Dismiss Notice
Join Physics Forums Today!
The friendliest, high quality science and math community on the planet! Everyone who loves science is here!

Homework Help: Stuck on the last step of a problem. Help please.

  1. Aug 11, 2011 #1
    1. The problem statement, all variables and given/known data
    This is a problem from L.D. Landau and E.M. Lifgarbagez "Mechanics (3 ed): Course of Theoretical Physics, Volume 1" [itex]\S 11.[/itex] Motion in one dimension:
    Problem 2b. Determine the period of oscillation, as a function of energy, when a particle of mass [itex]m[/itex] moves in the firld for which the potential energy is
    [itex]U=-U_0/\cosh^2\alpha x,\quad -U_0<E<0[/itex]


    2. Relevant equations
    [itex]T(E)=\sqrt{2m}\int_{x_1(E)}^{x_2(E)}\frac{dx}{ \sqrt{E-U(x)} }[/itex]


    3. The attempt at a solution
    I rewrite the integral, due to symmetry, as
    [itex]T(E)=2\sqrt{2m}\int_{0}^{x_0}\frac{dx}{ \sqrt{E-U(x)} }[/itex]
    and find the [itex]x_0[/itex] that satisfies [itex]E=U(x)[/itex]:
    [itex]x_0=\frac{1}{\alpha}\cosh^{-1}(\sqrt{-U_0/E})[/itex]

    *For sake of brevity I wont show some intermediate steps, unless it is requested of me.*

    Simplifying: *Note:[itex]\sech\psi=\sqrt{-U_0/E}\sech\alpha x[/itex]
    [itex]\frac{dx}{\sqrt{E+U_0\sech^2\alpha x}}=\frac{1}{\alpha\sqrt{-U_0}}\frac{d\psi}{\sqrt{1+\sech^2\psi}}=\frac{d\psi}{\alpha\sqrt{-U_0}\tanh\psi}[/itex]

    Integration leads to:
    [itex] T=\frac{2}{\alpha}\sqrt{-2m/U_0}[\ln|\sinh\psi|]_0^{\psi_0}=2\sqrt{2m/E}[\ln|\sqrt{-U_0/E}\sinh\alpha x|]_0^{x_0} [/itex]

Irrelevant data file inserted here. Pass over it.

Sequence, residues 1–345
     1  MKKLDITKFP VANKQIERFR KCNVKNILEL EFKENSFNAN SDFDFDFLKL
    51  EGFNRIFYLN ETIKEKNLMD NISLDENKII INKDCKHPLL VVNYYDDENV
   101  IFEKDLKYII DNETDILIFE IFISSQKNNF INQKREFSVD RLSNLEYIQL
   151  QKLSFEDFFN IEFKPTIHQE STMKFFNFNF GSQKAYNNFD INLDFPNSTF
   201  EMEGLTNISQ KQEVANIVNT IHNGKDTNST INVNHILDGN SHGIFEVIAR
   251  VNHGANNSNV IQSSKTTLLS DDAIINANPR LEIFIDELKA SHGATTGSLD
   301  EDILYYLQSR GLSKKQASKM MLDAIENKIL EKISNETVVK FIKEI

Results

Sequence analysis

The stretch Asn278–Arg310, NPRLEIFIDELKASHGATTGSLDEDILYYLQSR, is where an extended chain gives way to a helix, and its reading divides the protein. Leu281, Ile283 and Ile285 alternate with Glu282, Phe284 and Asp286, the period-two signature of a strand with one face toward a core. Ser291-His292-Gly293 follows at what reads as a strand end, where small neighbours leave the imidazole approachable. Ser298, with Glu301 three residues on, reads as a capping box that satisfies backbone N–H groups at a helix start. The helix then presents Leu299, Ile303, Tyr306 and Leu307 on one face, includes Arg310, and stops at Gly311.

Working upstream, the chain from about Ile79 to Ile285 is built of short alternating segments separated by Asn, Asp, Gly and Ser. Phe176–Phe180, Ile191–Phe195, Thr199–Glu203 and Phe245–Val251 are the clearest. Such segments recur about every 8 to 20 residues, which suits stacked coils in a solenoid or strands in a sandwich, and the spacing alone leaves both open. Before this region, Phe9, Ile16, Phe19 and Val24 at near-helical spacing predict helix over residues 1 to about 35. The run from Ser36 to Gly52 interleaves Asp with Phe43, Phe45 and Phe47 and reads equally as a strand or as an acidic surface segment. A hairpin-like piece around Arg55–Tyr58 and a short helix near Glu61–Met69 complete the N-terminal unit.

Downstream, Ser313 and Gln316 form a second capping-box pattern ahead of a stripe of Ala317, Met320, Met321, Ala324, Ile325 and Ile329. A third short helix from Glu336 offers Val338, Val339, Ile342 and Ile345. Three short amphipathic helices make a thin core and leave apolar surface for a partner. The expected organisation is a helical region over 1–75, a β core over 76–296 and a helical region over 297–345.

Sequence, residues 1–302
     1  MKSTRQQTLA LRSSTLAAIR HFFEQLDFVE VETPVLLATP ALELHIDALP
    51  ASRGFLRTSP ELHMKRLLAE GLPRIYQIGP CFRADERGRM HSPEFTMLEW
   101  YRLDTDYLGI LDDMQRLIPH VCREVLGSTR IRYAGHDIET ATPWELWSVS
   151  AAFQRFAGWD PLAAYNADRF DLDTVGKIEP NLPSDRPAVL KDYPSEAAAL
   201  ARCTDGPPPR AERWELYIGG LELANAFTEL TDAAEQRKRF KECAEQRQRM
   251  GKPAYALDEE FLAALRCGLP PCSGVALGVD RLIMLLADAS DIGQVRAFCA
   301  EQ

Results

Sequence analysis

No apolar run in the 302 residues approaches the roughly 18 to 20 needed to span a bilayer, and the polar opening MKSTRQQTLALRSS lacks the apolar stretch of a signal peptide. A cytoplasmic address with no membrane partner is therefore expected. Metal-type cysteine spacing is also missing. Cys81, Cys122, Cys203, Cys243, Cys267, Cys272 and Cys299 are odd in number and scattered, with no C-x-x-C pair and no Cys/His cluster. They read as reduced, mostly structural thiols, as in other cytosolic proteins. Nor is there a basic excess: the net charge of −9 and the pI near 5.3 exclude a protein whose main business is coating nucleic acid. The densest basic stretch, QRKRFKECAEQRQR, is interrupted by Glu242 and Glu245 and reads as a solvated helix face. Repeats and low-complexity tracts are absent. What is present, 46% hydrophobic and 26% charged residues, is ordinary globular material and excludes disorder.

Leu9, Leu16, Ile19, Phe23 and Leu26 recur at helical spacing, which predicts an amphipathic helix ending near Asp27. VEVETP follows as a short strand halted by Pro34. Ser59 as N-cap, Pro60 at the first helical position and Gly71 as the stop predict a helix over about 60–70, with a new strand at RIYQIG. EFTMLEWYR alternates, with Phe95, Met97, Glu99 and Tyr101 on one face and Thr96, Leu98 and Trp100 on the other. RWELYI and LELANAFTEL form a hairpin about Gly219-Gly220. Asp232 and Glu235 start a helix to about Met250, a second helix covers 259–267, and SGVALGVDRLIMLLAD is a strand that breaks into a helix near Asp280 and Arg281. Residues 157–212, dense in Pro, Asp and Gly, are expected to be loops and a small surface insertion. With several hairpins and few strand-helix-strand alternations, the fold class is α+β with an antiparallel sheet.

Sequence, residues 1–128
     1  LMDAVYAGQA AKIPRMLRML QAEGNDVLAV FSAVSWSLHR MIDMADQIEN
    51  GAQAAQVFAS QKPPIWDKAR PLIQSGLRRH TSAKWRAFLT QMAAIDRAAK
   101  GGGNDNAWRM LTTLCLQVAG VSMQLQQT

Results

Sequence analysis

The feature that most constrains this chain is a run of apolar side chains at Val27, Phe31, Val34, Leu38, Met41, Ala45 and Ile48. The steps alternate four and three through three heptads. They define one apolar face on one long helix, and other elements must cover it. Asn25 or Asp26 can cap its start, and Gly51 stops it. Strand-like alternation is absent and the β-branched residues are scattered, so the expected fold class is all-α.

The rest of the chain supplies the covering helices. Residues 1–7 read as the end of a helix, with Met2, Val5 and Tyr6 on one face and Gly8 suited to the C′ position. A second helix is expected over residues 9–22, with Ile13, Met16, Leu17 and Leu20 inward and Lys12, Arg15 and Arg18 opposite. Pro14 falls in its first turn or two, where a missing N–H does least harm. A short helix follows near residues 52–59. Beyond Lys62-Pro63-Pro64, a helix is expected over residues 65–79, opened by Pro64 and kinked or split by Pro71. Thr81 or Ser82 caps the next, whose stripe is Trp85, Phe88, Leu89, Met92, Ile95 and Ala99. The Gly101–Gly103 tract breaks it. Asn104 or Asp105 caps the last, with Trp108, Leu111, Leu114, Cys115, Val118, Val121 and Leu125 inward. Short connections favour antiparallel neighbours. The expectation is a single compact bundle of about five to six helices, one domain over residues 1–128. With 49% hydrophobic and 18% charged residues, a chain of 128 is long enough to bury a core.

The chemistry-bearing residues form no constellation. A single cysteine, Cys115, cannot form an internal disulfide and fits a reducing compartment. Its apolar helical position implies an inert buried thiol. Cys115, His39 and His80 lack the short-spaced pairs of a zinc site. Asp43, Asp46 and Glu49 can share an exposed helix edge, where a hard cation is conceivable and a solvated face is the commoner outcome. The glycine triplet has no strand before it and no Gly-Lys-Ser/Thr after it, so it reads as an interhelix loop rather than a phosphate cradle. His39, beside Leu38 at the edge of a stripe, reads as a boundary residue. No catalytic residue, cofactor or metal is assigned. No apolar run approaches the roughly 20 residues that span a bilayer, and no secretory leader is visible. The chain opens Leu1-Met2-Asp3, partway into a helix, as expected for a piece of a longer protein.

Which gives me something messy:
    [itex] \frac{2}{\alpha}\sqrt{-2m/U_0}\ln[\sinh(\frac{1}{\alpha}\cosh^{-1}(\sqrt{-U_0/E}))] [/itex]

    Which I have no idea how to simplify. I know the answer is supposed to be [itex] \frac{\pi}{\alpha}\sqrt{2m/E} [/itex] which my answer somewhat resembles, but I dont know how to simplify that Natural log. I tried writing sinh in terms of exponents, and I tried using Mechanical Similarity (Landau made a vauge comment alluding to MS: right before stating the answer to part (b), to which he shows no work) he states:
    "The dependence of [itex] T [/itex] on [itex] E [/itex] is in accordance with the law of mechanical similarity (10.2), (10.3)." I tried using the result from part (a), which i easliy enough found using beta functions:
    [itex] U=A|x|^n\rightarrow T=\frac{2}{n}\sqrt{2\pi m/E}\cdot(E/A)^{1/n}\frac{\Gamma(1/n)}{\Gamma(1/n+1/2)} [/itex]. But i don't really understand MS so i couldnt use it.

    BIO: Im a highschool student who is self taught, and i have nobody to ask for guidence on problems, any help is appreciated...

    PS: is there any way to just type in LaTeX language, rather than use the HTML like headers?
     
    Last edited: Aug 11, 2011
  2. jcsd
Share this great discussion with others via Reddit, Google+, Twitter, or Facebook

Can you offer guidance or do you also need help?
Draft saved Draft deleted